The 16th of June marks the anniversary of the iconic 1976 student uprisings which took place in Soweto. It is a day of solemn remembrance for the brave youth who were struck down while peacefully rising up in rejection of the Apartheid regime’s inferior education system for black students. It is also a day for celebrating the essential role of youth in our society, as vibrant catalysts for change, and the torch bearers of our nation’s future.
We join South Africans in commemorating Youth Day. As a civil society organisation we believe that it is our responsibility to confront our past, to challenge the future and to promote a more equal and sustainable society and region. In light of the incredible international solidarity shown to the people of South Africa – which ultimately crippled Apartheid South Africa’s economy – South Africa has a responsibility to repay its historic debt to the world by playing a role in bringing about a more just world for all. SALO believes that the work we do plays a part in that larger picture, both in seeking solutions to conflicts on our continent, and in bringing about awareness and behaviour change around issues such as homophobia, gender based violence and xenophobia.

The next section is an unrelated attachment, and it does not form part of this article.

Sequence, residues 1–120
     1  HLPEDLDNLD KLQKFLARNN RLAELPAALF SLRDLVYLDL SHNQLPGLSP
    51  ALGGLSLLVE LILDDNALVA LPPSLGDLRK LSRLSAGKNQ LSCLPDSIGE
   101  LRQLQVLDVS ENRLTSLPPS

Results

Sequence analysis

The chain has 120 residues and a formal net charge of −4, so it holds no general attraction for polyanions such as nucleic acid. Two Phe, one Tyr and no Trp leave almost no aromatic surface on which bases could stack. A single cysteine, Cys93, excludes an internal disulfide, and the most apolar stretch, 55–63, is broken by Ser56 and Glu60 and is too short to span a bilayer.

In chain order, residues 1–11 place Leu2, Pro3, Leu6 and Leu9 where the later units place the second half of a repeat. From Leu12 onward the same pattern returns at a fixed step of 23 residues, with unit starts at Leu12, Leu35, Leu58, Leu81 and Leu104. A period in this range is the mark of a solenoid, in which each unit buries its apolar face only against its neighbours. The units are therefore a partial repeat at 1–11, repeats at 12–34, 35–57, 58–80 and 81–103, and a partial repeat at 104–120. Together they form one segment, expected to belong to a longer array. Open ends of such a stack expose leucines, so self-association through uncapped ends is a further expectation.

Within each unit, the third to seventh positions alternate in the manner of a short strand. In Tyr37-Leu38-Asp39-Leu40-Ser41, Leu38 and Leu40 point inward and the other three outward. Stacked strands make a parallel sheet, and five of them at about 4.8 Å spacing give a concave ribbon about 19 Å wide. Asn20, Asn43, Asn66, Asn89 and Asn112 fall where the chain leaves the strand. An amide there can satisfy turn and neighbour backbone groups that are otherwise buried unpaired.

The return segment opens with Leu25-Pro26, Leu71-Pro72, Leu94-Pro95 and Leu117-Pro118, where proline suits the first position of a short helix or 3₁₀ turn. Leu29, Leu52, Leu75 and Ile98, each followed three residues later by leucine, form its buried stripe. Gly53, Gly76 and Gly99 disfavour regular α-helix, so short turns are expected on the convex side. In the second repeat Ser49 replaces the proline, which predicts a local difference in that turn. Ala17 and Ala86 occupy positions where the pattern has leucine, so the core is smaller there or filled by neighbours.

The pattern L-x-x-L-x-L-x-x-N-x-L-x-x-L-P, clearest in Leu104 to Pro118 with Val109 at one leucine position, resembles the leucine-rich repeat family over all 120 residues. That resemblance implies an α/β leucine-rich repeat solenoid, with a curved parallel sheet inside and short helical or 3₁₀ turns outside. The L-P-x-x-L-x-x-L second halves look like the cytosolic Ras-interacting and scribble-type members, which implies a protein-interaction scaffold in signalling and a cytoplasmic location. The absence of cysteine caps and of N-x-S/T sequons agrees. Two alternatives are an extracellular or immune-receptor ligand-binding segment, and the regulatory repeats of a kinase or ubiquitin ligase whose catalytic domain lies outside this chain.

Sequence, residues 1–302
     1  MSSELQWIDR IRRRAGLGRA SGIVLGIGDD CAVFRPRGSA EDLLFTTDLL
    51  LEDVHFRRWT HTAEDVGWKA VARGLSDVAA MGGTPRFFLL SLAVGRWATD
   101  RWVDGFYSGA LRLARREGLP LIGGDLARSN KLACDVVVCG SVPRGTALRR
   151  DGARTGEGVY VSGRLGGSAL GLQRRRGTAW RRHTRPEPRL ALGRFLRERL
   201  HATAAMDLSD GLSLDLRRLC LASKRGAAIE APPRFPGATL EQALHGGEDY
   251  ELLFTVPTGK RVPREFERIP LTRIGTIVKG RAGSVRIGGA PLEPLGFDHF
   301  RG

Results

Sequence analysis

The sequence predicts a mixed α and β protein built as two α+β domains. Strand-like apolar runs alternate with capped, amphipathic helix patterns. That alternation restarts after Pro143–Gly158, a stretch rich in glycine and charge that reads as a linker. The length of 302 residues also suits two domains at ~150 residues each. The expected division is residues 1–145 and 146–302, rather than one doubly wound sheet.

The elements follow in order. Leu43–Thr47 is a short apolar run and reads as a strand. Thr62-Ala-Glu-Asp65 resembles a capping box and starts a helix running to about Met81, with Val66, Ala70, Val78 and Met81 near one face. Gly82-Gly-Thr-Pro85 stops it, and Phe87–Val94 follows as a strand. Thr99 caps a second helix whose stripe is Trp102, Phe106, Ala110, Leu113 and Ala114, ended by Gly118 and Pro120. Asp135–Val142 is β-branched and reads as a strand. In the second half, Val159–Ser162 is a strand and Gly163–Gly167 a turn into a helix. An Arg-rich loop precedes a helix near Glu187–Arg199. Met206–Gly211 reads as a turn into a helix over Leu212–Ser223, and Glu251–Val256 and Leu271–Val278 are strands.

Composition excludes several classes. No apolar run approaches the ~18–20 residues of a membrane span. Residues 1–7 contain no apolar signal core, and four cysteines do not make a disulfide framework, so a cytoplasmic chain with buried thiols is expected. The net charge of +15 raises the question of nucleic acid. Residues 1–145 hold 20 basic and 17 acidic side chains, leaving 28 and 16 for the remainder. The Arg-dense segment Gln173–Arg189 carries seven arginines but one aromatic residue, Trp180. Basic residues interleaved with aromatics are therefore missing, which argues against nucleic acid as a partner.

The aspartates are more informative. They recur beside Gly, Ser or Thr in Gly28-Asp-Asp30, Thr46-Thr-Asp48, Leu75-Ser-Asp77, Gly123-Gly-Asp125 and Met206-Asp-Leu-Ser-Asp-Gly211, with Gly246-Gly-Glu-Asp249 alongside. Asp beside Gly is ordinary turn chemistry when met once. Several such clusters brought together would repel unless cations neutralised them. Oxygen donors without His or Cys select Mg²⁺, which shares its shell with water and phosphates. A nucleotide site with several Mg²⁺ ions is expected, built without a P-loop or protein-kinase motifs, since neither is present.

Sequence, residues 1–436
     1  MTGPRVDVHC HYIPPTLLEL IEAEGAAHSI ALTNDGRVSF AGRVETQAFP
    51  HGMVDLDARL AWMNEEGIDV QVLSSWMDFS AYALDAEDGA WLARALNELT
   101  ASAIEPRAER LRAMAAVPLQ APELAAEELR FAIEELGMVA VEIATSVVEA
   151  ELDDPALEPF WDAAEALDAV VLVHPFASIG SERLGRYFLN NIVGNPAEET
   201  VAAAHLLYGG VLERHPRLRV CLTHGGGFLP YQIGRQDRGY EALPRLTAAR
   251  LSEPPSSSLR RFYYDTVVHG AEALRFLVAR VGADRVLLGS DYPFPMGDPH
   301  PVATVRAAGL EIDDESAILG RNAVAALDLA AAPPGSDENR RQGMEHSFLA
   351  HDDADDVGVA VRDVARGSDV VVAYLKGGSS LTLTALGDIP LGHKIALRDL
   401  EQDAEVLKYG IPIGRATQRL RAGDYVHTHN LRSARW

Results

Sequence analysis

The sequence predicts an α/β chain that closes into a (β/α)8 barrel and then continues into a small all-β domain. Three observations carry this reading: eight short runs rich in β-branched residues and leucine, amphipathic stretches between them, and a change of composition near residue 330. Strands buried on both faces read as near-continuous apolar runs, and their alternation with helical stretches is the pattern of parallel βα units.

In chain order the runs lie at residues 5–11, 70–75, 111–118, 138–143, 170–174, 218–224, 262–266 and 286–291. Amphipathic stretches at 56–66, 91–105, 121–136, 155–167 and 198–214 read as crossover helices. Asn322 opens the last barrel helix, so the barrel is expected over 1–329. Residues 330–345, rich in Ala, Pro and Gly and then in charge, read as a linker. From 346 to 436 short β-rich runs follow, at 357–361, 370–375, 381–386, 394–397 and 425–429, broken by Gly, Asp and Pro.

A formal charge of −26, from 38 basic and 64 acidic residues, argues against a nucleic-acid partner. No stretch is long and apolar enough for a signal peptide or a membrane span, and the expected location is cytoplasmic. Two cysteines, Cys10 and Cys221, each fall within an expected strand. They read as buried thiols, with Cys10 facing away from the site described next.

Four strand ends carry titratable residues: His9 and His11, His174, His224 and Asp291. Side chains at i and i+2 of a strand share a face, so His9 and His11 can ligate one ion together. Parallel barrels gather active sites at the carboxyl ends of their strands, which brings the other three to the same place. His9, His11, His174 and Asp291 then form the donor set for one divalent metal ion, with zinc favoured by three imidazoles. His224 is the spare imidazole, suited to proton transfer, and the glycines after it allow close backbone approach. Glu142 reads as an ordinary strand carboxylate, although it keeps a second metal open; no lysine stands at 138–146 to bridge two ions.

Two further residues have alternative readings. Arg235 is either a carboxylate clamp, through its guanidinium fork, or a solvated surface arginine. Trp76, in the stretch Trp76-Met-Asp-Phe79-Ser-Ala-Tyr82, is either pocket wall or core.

Cognizant of the important role of the youth in affecting social change, SALO strives to mainstream youth participation in all aspects of our work. SALO places a strong focus on working with youth in our community-based anti-xenophobia, LGBTI rights and gender-based violence programmes. SALO’s network includes youth from a wide array of political and student organisations, however SALO strives to prioritise the voices of black youth living in townships.
Date: 25th of May – Africa Day
Venue: Sierra Burgers Park Hotel
Hosted by SALO
SAWA South Sudan was a virtual summit being streamed from Nairobi, Kenya. Its aim was to connect women activists in South Sudan with women leaders and activists from around the world. Speakers ranged from former President of Ireland and former UN High Commissioner for Human Rights, Mary Robinson to Winnie Byanyima, Executive Director at Oxfam International and Dr Koiti Emmily, medic at Juba Teaching Hospital.
It recognised the growing issues and conflict occurring in South Sudan as well as the lack of impactful responses in bringing resolution. The importance of women and their role in peace and reconciliation was raised as a paramount factor if South Sudan is ever to have sustainable peace.
The conflict itself is worsening with systematic state and militant force abuses inflicted on the civilian population. Human rights abuses are reported daily, and the issue of sexual abuse is becoming a rampant problem. With women making up over 60% of the population, events like SawaSouthSudan play a critical role in raising these issues and how we can empower more women to take an active role in fighting for human rights and for the betterment of their country.